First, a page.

That chapter in Never Cry Wolf is entitled “Souris a la creme.”
 Semicolons and colons are placed outside the closing quotation marks.
He said, “War is destructive”; she added, “Peace is constructive.”
 Question marks and exclamation points are placed inside the closing quotation marks if they belong with
the quotation; otherwise, they are placed outisde.
The sentry shouted, “Drop your gun!”
Save us from our “friends”!
(15) Maintain a consistent verb tense when writing unless the time scheme of the action dictates a change.
The winds blew sand in the bathers’ faces, so they gathered up their towels and left
the beach quickly. (All verbs are in simple past tense.)
(16) Make the subject and the verb agree with each other, not with a word that comes between them.
* The trickiest agreement problems involve indefinite pronouns. Remember that the following are
singular and take a singular verb: anybody, anyone, anything, each, either, everybody, everyone, everything, neither,
nobody, no one, nothing, one, somebody, someone, something. There are four plural indefinite pronouns which need
plural verbs: both, few, many, several. Five indefinite pronouns can be either singular or plural, depending on the
sense of the antecedent: all, any, most, none, some.
My allowance, together with my birthday money, is enough for this new TV.
The cart, as well as its contents, was gone.
Each of you is responsible for finishing the project.
(17) Use the active voice unless you specifically need to use the passive. (The subject should be the doer and not
the receiver of the action in the sentence.)
The girl’s boyfriend gave her a dozen roses. NOT A dozen roses was given to the girl by
her boyfriend.
The team achieved a good record. NOT A good record was achieved by the team.
(18) Use the subjunctive were in contrary-to-fact statements (after if or as though) and in statements expressing a
If I were you, I’d try for that scholarship, NOT If I was you ...
I wish she were not my roommate. NOT I wish she was ...
(19) Avoid unclear pronoun reference (especially the abiguous use of “you.”) A personal pronoun requires an
antecedent that is either clearly stated or clearly understood.
WRONG; In ancient Rome, emperors made you offer sacrifices as a sign of your loyalty.
CORRECT: In ancient Rome, emperors made citizens offer sacrifices as a sign of their
WRONG: In the army, they make you get up before dawn.
CORRECT: In the army, officers make soldiers get up before dawn.
(20) Use the relative pronoun who, not that, to refer to human beings.
Over there is the man who robbed the bank . (NOT that robbed the bank)
(21) A pronoun must agree with its antecedent in number and gender.
* See Rule #16 for the list of tricky indefinite pronouns.
Each of the girls gave her speech yesterday. (NOT their speeches)
Either Betty or Sue will give her gift to Mom first. (NOT their gift)
(22) Use the pronouns I, he, she, we, they, who, whoever as subjects. Use the pronouns me, him, her, us, them, whom,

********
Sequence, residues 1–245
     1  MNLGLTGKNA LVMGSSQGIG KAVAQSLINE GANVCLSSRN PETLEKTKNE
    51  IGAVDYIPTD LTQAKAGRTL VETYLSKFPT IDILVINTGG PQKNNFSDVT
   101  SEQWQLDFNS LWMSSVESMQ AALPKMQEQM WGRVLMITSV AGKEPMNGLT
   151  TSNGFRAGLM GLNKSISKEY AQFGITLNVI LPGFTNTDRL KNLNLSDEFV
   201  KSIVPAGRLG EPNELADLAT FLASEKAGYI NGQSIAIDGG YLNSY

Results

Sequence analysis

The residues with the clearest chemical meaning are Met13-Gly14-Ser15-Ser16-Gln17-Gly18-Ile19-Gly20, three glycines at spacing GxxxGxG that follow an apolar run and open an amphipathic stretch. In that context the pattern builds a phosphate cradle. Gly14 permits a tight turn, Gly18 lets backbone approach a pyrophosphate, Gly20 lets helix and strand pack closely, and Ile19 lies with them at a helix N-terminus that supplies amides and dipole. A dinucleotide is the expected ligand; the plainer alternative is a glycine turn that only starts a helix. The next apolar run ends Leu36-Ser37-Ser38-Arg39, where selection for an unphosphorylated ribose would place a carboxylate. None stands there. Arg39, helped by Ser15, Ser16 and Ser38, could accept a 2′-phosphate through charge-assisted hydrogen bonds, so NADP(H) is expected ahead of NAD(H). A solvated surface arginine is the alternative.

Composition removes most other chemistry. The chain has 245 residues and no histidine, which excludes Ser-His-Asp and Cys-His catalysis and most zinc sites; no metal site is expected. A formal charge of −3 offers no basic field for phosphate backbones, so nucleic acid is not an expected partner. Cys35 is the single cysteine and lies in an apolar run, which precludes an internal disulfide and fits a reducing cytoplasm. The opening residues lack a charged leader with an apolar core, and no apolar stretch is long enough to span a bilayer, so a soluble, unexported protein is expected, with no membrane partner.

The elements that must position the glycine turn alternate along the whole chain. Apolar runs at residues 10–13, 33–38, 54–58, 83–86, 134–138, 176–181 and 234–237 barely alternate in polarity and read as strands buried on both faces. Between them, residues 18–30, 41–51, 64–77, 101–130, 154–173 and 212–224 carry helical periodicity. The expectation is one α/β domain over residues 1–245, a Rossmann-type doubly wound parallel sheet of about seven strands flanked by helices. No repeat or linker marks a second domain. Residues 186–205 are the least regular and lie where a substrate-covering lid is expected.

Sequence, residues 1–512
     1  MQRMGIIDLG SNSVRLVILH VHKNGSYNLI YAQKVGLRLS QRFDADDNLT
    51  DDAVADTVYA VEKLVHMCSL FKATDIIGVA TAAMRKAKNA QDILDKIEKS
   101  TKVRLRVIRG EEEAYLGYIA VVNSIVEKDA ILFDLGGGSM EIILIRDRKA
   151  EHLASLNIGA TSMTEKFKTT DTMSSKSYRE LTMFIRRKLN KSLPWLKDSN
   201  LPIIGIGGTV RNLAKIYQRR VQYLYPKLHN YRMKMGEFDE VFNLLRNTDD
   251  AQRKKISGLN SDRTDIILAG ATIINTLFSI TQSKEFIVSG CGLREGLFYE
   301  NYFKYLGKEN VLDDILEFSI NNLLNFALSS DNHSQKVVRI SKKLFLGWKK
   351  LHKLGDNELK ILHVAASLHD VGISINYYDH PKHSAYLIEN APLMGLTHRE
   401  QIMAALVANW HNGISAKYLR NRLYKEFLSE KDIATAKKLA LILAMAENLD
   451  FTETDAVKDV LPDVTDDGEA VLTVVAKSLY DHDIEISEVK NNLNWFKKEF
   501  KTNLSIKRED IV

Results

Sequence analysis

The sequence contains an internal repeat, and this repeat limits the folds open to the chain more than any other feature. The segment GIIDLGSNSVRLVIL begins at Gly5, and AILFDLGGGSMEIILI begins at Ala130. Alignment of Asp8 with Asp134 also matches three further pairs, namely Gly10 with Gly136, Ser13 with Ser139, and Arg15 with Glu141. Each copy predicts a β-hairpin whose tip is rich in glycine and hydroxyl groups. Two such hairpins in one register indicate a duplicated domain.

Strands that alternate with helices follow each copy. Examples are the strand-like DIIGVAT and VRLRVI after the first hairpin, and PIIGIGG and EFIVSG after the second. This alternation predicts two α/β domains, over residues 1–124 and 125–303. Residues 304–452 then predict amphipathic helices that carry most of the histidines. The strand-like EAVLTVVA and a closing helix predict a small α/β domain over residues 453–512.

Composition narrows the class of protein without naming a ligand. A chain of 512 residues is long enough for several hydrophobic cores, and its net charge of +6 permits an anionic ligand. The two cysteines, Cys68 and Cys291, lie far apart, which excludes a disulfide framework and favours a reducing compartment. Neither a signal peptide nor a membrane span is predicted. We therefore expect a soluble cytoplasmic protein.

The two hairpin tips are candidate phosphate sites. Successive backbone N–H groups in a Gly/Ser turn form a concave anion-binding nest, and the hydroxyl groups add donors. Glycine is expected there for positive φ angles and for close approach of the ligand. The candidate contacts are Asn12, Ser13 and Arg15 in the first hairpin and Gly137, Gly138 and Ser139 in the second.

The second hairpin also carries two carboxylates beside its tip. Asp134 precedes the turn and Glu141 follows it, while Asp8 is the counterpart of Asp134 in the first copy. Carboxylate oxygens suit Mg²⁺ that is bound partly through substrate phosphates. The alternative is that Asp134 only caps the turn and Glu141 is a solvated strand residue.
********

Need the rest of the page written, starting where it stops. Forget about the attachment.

whomever as objects (direct, indirect, or object of preposition).
To type as well as they is my ambition. (NOT them because “they type” is understood.)
I wonder who will be in charge. (NOT whom)
Sue is the employee whom I just hired. (NOT who)
(23) Use a possessive pronoun or noun before a gerund.
We never listen to their boasting. (NOT them boasting)
Is there any criticism of Arthur’s going? (NOT Arthur going)
(24) Use adjectives to modify nouns and adverbs to modify verbs, adjectives, and other adverbs.
The boy screeched loudly enough to wake the dead. (NOT loud)
I felt bad for her when I heard of her grandmother’s death. (NOT badly)
(25) Be sure that a participial phrase, an infinitive phrase, or an appositive refers clearly to the proper subject.
WRONG: Its hump decorated in strings of flowers, the programmer rode the camel
the food court.
RIGHT: The man rode the camel, its hump decorated in strings of flowers, through the
food court.
WRONG: Filled with bad gas, he drove his car to Tucson despite the knocking.
RIGHT: He drove his car, which was filled with bad gas, to Tucson.
(26) Use parallel construction to make a strong point and create a smooth flow.
WRONG: The class analyzed, discussed, and we raised questions about the new rules.
RIGHT: The class analyzed, discussed, and questioned the new rules.
WRONG: I love to walk, to cross-country ski, and reading.
RIGHT: I love to walk, to cross-country ski, and to read. OR
skiing, and reading.
I love walking, cross-
(27) Avoid double negatives. Hardly, barely, scarcely, only, and but (when it means only) are negative words. Do
NOT use another negative in conjunction with any of these words.
WRONG: He didn’t have but one hat.
RIGHT: He had but one hat. OR He had only one hat.
WRONG: I can’t hardly read the small print.
RIGHT: I can hardly read the small print. OR
I can’t read the small print.
(28) Like is a preposition. Do not use it in place of the conjunction as to introduce a clause with a subject and a
verb or an implied verb.
He looks like a freak in that outfit.
The air smells like roses.
Do as I said.
She copies him all the time and wants to act just as he does.
(29) Correct spelling is essential! In particular, learn these frequently confused words:
 accept
Accept is a verb meaning “to receive.” Except is a preposition meaning “but.”
We accept your offer to mediate the dispute.
All the singers attended except the tenor.
 affect
Affect is a verb meaning “to influence.” Effect is nearly always used as a noun meaning “result.”
I was deeply affected by her tribute.
The seniors were warned about the effects of their actions on the freshmen.
 already
all ready
Already means “even now” or “by or before this time.” All ready means “ready.”
We have already finished the dishes.
I am all ready; let’s get going!
 between
Both of these words are prepositions. Among always implies three or more.
Between is used with two things only.
The work was divided among the four members.
The business was divided between the two sons.
 brake
A brake is a device for stopping or slowing down. Brake can be used as a verb meaning to apply
the brakes.